With every advance in centralization the man who uses his hands is brought under subjection by the man who wields the sword or pen. The secretariat begins as the servant and ends as the master, as every executive offi cer in our dominions laments. It is inevitable. In a loose aggregate of small parts where every family must fend for itself, it is the man whose muscles are hard, w hose hands are deft, and whose judgment sound that is valued most. . . . But when . . . social activities have to be coordinated from a center then it is necessary to pick out the pure brains, the men who specialize in thinking. For a thinker is really a man who spends his time making other people think as he does, and consequently act as he thinks. (Hocart  1970: 126)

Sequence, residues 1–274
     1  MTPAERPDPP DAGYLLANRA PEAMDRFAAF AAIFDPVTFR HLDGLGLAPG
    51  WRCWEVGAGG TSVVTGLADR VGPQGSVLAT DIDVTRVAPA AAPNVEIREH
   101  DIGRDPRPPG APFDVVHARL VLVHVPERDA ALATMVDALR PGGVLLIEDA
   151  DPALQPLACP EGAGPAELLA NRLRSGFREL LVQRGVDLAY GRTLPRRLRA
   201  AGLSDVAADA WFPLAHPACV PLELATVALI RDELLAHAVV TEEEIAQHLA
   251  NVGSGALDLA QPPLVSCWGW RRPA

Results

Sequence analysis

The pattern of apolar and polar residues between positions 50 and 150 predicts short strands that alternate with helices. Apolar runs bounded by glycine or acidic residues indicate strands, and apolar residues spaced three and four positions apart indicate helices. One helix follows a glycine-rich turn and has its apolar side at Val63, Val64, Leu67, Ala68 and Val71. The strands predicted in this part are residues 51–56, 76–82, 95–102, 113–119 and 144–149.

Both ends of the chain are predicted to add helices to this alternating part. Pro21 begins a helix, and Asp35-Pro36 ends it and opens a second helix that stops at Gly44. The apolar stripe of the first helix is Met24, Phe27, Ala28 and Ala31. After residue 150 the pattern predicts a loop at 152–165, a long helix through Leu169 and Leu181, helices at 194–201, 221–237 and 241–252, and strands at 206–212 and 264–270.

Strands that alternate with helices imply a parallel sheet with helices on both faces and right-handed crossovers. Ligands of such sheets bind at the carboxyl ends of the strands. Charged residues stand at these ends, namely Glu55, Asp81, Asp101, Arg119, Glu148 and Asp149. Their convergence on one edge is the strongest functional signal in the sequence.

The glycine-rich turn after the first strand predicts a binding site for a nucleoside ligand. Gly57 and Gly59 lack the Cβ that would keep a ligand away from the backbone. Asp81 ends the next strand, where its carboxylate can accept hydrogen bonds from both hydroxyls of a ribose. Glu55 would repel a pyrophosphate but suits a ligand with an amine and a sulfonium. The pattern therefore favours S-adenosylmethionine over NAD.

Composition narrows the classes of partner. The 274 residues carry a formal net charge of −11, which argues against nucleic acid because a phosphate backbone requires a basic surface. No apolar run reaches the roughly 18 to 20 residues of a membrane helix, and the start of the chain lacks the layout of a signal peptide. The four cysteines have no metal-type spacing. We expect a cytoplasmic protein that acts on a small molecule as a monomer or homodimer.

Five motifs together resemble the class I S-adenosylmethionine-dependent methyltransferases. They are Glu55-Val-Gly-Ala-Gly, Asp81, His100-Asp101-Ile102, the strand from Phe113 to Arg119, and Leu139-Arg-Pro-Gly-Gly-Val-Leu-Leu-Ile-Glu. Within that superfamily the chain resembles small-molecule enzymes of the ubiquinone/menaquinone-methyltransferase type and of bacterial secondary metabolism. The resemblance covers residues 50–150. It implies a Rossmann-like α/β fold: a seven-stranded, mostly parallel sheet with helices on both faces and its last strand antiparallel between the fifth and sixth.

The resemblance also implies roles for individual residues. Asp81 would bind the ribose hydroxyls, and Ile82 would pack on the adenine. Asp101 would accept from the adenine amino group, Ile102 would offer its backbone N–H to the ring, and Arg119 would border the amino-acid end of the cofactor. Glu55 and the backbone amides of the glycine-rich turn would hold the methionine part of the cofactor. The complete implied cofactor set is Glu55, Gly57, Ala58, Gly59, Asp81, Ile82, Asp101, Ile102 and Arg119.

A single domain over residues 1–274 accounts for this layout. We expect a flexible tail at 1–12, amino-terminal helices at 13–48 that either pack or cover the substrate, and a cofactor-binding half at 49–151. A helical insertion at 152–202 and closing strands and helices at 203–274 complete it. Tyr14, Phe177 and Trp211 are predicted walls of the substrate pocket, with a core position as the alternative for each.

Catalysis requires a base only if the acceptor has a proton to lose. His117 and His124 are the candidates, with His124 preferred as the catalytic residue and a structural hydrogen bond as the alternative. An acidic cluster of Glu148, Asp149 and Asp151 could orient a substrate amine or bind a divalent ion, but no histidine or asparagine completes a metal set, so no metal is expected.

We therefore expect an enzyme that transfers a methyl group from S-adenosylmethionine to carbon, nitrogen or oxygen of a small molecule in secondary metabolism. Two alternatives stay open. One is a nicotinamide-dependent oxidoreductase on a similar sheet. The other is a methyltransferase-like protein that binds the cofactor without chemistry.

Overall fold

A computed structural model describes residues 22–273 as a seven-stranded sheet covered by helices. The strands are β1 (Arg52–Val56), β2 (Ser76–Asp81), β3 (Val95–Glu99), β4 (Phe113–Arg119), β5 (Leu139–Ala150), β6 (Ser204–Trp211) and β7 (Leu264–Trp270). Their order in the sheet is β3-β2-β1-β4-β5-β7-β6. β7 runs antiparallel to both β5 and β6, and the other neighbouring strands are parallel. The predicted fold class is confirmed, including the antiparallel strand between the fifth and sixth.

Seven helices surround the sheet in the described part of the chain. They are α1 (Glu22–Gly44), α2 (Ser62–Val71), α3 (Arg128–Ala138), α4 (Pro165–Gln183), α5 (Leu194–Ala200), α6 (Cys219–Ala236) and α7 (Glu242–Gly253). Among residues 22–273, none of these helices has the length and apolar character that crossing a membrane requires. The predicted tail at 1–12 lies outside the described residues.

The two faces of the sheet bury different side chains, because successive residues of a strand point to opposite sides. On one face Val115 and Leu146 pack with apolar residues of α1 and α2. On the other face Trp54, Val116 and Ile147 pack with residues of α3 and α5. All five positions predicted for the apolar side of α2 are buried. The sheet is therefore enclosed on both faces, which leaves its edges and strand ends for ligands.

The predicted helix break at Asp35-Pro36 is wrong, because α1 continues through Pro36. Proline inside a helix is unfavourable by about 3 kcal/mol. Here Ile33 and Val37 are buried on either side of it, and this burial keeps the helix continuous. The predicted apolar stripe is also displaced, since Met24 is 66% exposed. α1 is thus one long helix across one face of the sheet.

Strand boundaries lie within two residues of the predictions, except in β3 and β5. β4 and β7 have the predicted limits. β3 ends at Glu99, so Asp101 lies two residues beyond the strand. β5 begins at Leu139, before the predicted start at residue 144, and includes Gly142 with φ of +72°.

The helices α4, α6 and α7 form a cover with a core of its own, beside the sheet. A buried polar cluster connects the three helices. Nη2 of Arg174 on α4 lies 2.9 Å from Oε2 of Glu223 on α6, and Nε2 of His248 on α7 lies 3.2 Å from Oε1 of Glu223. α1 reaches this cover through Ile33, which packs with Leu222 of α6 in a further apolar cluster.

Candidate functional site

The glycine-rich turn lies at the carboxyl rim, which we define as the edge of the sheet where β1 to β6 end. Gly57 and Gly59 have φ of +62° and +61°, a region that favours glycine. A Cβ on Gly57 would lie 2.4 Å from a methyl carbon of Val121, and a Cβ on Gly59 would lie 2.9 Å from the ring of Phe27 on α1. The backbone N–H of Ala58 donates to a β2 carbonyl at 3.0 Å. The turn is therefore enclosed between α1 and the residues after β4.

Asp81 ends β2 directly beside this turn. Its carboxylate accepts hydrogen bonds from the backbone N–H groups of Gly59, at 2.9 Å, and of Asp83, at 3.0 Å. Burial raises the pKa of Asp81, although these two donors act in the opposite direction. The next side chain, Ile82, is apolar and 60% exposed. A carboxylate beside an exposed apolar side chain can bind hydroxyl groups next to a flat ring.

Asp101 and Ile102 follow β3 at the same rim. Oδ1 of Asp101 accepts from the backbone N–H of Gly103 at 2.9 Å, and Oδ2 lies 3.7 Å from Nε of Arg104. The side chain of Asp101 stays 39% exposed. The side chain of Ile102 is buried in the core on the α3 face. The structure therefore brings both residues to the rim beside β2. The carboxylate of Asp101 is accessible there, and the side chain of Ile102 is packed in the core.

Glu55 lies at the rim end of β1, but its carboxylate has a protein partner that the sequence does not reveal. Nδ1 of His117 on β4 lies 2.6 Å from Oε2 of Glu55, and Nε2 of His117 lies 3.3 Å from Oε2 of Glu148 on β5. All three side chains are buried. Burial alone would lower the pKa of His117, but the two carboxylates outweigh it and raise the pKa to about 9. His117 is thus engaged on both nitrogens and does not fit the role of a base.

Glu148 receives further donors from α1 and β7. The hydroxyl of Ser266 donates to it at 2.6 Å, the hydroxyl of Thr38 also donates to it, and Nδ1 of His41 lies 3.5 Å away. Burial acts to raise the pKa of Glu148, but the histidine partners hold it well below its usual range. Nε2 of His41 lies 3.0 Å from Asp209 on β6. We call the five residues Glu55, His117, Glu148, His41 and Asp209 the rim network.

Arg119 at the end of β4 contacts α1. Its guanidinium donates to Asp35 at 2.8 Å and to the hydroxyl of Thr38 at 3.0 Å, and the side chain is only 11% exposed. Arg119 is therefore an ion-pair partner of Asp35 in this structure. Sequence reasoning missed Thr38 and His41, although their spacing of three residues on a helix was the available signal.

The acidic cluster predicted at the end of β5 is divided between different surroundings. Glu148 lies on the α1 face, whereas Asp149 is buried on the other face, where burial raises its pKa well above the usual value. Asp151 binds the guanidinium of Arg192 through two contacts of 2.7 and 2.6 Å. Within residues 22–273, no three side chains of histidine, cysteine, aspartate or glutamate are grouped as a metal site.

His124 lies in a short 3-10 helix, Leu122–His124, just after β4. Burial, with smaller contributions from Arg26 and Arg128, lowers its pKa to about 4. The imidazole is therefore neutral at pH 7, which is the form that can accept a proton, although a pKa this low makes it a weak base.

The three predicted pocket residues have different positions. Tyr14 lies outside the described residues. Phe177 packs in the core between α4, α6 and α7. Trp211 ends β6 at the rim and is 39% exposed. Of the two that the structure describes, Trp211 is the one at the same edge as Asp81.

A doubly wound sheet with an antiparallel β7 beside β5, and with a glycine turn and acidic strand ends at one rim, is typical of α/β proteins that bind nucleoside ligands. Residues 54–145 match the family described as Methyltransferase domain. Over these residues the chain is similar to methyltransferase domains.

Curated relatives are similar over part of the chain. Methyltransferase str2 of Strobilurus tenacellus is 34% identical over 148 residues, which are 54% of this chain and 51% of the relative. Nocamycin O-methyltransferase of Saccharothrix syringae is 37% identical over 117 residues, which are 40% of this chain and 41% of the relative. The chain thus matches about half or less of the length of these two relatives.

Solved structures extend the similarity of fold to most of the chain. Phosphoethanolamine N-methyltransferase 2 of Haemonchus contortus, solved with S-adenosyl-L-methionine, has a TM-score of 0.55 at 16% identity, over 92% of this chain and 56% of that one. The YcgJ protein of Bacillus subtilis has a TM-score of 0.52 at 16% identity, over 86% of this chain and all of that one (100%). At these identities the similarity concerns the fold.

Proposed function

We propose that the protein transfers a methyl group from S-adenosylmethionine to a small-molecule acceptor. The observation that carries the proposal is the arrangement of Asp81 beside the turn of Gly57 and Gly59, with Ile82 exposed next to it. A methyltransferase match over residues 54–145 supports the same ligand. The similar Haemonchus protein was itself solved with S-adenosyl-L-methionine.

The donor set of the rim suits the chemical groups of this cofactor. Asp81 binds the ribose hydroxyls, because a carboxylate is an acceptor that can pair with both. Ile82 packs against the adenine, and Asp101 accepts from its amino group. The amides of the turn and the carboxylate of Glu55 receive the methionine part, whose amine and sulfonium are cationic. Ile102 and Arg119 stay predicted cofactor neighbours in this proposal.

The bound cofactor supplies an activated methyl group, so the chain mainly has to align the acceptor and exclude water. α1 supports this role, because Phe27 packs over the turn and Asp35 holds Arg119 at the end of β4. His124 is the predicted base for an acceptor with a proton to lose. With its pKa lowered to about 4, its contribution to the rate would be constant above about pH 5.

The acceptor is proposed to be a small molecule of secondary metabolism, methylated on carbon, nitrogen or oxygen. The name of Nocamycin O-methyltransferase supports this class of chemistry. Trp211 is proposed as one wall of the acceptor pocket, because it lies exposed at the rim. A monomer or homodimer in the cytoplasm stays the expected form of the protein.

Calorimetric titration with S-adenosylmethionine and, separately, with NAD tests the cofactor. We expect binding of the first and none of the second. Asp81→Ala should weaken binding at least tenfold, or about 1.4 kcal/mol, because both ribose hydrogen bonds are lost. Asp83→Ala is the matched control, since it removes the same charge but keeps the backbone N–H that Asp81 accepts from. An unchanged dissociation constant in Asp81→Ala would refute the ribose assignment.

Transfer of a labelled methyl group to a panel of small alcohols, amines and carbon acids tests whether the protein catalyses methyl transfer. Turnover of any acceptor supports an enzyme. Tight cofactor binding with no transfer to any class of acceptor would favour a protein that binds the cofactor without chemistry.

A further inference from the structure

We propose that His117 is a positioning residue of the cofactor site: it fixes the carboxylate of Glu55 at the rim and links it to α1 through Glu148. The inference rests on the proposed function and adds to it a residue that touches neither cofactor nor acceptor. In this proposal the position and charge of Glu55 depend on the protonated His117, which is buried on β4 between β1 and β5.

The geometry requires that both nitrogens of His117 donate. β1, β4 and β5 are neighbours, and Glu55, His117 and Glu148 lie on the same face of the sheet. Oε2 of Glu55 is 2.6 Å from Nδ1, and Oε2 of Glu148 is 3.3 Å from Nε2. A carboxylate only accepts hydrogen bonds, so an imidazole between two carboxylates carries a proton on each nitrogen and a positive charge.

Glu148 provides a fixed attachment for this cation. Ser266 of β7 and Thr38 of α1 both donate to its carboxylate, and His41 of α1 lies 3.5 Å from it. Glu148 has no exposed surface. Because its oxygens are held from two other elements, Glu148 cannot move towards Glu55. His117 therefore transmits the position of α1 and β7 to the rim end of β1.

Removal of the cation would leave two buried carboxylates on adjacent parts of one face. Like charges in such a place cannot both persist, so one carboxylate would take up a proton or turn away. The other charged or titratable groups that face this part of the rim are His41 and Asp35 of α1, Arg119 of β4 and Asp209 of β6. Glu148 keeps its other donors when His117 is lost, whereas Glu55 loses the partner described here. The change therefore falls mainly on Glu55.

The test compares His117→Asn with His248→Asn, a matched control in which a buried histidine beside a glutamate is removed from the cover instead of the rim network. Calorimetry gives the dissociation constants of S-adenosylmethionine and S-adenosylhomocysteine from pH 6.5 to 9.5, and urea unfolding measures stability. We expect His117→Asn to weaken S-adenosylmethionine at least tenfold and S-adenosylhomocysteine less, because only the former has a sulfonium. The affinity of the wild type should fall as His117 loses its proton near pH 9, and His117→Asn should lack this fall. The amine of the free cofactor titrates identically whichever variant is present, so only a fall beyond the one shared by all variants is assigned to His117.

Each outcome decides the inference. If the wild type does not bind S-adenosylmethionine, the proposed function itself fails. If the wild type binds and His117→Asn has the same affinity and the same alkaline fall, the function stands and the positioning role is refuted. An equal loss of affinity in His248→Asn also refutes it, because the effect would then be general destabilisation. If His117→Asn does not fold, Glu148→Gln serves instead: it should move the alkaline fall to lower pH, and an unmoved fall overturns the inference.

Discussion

This quotation comes from a book by the English anthropologist A. M. Hocart who wrote in the ﬁ rst half of the twentieth century and who ignored the trend in anthropology that placed exclusive emphasis on the study of whole primitive societies and rejected as unscientiﬁ c the study of the process of civilization itself. The general principle Hocart enunciates here is unmistakably instantiated in the peculiar political phenomenon known as the European Community (EC).